Family continues to make $500 tips in memory of loved one

Seth Collins in his mother's apartment in Lexington in January. The $500 tip campaign is the family's way of remembering son and brother Aaron.
Seth Collins in his mother's apartment in Lexington in January. The $500 tip campaign is the family's way of remembering son and brother Aaron. Herald-Leader

Chris Boeskool could not believe someone was handing him $500 as a tip on pizza.

He had eight other tables to serve at Mafioza's pizza in Nashville, where people were ordering pizzas like the "Brother Fredo" and "The Teamster."

And here was Seth Collins of Lexington, explaining that he was making a presentation of a $500 tip in honor of his late brother Aaron. Seth Collins has made 34 $500 tip presentations around the country, in cities like Nashville and tiny hamlets like Ivel in Floyd County.

Boeskool immediately started to pay it forward, he wrote on his blog.

A customer's credit card was declined, so Boeskool paid for his bill and told him it was courtesy of Aaron's Last Wish, the name of the Collins family's memorial program. He paid the bill of a co-worker. And the next night, he took his kids to a Waffle House and left the server "a tip he probably won't soon forget."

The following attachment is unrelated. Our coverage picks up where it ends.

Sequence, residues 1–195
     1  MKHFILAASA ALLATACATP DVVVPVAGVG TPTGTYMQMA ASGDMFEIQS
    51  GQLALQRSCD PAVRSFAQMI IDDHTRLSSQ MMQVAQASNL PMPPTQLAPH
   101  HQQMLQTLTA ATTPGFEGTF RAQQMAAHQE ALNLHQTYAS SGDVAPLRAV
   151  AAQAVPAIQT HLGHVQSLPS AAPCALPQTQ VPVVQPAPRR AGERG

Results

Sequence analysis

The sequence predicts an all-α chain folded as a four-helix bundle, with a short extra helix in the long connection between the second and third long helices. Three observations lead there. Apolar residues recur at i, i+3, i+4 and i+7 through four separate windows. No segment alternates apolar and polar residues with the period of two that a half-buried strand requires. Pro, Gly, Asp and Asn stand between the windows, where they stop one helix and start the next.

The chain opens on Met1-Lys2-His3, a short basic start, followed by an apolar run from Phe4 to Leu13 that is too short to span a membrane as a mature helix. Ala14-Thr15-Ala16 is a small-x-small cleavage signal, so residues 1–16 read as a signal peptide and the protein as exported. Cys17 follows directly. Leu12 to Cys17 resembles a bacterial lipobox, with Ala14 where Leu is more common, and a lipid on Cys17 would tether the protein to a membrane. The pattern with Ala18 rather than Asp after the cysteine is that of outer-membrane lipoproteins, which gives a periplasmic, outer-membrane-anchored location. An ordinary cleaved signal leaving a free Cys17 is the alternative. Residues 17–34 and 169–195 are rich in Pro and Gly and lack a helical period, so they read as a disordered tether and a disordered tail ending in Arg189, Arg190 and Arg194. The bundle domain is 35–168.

The influence of Aaron Collins lives on around the country, six months after his death in July 2012. In Aaron's will, he asked that the family "leave an awesome tip (and I don't mean 25 percent. I mean $500 on a ... pizza) for a waiter or waitress."

His family wanted to honor his last request. Their first trip, in July, was to Puccini's Smiling Teeth in Lexington's Chevy Chase Place, where they surprised server Sarah Ward with $500.

The video of that tip went viral, and the fund for $500 tips received more than $65,000 in donations. Seth Collins still has more than 90 "tip trips" to go, with all of them to be recorded and posted. Sometimes he will pick the location, and sometimes it's a matter of input from others or serendipity: A tip in Pensacola, Fla., was suggested by a waitress in Auburn, Ala.

The next target will probably be a restaurant in Madison County, Collins said.

Of all the tips he has given and all the reactions he has seen, Chris Boeskool's was a favorite, he said.

"It's always nice to hear that reaction and know that it's more than just money to the person. Hopefully after that it makes someone check back in (to the website and Facebook page) and enjoy getting to see that happen to other people, also."

Tina Rae Collins of Lexington, Aaron's mother, said she enjoys the project so much that she has written a self-published book: Aaron Collins Did That, available at for $12. She said she always knew Aaron was going to do something great; hence the book title.

"I always told everybody he was going to do something so amazing that everybody was going to say, 'Aaron Collins did that!"

Tina Rae Collins enjoys attending the tipping events.

"I love what it's done for other people. ... When they're sorry for our loss, that makes me feel better, too."